The Namibian government is at loggerheads with Angola over the site of a proposed new hydropower project. Since completion of a feasibility study last year, the two governments have not been able to agree where the plant should be built.
The Namibian government favours a site 7 km downstream from the Epupa Falls. However, Angola prefers Baynes, 40 km downstream from the falls. If the matter cannot be resolved, it is to be referred to the presidents of the two countries for arbitration.
The project at Epupa will cost $539 million to complete. It will displace 700 people from Himba communities around the site and destroy ancestral graves. The Baynes scheme has a price tag of $551 million, is considered environmentally less disruptive but is also smaller. The operation of the Baynes project will also depend to an extent of the Gove dam which had been damaged during the civil war in Angola and would have to be repaired too.
Meanwhile, the Namibian government is examining the prospects for solar energy and is trying to revive the stalled Kudu gas project. The $3 billion scheme, which involved development of a gas field and the construction of a power plant in Namibia was stalled when South African utility Eskom withdrew from the project.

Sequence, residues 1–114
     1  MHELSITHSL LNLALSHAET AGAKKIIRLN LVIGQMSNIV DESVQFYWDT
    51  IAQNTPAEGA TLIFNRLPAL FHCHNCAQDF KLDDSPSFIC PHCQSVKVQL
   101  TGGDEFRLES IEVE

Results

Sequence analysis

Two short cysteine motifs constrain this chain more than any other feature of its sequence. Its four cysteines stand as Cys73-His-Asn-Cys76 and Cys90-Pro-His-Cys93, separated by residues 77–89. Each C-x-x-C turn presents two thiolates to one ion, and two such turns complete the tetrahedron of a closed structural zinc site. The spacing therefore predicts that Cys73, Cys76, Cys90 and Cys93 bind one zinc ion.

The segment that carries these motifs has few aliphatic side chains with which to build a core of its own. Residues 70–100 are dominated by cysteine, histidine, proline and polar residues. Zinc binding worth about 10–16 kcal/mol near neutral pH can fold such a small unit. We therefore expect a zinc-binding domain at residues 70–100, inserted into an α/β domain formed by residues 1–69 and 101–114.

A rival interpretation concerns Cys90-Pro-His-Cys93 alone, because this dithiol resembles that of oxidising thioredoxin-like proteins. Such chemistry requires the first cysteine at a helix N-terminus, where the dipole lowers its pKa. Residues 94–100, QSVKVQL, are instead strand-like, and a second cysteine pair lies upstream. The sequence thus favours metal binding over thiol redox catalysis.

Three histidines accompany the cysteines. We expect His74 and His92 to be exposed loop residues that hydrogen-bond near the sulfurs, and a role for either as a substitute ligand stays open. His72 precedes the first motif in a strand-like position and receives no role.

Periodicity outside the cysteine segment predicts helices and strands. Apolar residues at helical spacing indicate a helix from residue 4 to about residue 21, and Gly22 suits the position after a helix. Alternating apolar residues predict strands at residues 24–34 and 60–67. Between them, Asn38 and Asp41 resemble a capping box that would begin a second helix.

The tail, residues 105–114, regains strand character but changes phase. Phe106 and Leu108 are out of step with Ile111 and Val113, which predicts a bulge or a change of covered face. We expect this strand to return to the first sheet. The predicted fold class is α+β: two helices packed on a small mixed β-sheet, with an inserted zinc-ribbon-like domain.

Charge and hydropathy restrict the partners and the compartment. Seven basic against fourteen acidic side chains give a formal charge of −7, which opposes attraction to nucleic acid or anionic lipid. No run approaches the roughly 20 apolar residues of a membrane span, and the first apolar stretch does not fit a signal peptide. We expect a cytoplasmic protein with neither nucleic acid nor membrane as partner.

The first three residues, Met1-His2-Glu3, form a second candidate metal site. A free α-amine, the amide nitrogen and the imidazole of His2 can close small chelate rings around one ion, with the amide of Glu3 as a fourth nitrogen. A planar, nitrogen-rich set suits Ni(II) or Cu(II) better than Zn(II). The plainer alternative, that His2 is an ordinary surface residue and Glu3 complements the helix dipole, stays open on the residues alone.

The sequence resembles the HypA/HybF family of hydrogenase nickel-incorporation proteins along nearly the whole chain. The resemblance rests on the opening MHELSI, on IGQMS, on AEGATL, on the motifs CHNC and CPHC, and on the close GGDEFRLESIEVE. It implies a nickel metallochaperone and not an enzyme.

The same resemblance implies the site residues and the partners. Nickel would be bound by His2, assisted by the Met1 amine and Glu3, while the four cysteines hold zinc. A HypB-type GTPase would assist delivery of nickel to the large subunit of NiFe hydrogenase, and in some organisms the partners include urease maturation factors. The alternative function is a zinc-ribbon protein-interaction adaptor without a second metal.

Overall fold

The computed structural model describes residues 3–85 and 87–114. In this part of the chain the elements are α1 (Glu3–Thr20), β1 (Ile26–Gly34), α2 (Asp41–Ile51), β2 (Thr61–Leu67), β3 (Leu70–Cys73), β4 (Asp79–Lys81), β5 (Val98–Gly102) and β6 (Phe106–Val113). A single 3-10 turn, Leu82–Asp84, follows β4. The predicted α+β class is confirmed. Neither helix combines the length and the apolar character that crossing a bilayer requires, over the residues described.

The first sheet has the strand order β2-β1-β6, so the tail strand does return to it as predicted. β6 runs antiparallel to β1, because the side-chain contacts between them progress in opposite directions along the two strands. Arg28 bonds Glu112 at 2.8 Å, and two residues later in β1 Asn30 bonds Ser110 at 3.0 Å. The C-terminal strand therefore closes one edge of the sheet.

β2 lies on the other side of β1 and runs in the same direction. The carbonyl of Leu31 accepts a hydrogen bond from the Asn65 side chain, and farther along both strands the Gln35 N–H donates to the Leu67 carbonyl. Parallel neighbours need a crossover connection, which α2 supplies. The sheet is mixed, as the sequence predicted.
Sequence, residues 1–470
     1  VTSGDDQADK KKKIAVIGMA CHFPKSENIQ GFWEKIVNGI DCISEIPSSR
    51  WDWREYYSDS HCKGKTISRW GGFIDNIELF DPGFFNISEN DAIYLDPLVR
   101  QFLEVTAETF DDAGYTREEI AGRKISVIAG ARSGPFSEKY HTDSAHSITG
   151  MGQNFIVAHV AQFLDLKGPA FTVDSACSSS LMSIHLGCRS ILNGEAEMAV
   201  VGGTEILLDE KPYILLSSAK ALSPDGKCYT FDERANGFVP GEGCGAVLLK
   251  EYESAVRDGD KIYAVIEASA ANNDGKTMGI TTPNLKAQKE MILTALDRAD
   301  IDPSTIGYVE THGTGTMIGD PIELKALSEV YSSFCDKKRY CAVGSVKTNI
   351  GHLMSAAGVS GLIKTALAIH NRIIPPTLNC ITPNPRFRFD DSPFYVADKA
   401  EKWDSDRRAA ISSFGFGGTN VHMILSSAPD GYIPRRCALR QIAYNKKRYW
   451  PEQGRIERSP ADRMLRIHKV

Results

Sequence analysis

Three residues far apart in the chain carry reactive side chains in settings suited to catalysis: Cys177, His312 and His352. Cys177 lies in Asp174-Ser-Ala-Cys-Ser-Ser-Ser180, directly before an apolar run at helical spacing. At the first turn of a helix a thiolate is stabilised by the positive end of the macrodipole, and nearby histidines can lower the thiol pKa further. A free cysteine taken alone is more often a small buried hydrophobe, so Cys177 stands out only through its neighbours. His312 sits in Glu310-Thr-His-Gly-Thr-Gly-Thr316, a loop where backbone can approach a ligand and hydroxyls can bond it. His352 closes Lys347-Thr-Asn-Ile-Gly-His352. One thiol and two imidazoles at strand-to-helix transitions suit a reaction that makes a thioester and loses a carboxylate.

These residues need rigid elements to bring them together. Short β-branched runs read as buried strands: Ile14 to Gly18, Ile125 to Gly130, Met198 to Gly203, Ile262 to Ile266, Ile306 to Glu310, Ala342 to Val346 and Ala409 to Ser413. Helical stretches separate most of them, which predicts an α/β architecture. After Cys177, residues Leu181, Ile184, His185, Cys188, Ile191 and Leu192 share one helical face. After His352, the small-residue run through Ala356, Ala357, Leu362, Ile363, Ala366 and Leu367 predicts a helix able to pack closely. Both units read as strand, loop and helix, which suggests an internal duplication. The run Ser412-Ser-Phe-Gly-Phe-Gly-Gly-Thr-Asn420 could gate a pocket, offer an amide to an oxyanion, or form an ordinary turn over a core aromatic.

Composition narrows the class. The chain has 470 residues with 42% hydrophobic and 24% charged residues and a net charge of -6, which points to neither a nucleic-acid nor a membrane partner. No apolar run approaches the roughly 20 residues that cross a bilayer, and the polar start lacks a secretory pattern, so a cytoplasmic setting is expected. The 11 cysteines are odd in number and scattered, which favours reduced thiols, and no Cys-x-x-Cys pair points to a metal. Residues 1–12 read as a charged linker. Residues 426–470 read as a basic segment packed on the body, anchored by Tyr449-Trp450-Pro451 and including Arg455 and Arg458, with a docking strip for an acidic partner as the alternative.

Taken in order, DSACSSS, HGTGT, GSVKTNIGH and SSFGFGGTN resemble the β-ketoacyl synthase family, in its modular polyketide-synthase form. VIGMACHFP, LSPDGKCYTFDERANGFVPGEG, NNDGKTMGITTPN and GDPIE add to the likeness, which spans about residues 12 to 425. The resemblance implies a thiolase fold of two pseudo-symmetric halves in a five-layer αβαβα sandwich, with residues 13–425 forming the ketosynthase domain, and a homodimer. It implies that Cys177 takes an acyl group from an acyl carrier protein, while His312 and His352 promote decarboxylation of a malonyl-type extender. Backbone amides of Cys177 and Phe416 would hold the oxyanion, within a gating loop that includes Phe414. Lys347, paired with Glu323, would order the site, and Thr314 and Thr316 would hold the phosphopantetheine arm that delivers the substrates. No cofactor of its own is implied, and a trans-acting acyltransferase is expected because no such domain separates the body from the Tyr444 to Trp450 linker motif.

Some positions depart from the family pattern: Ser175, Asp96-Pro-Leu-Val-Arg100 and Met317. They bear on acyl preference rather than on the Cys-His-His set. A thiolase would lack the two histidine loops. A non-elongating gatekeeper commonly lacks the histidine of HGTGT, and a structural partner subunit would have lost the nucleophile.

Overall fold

Under the original plan, a power plant was to be built in Namibia and gas exported to South Africa. The latest suggestion for Kudu involves building two power plants, one in Namibia and one in South Africa.
Previously, the Namibian power plant was to have been operational by 2001. However it is likely to be at least three years before the gas field can become operational, even if the new scheme attracts sufficient investment.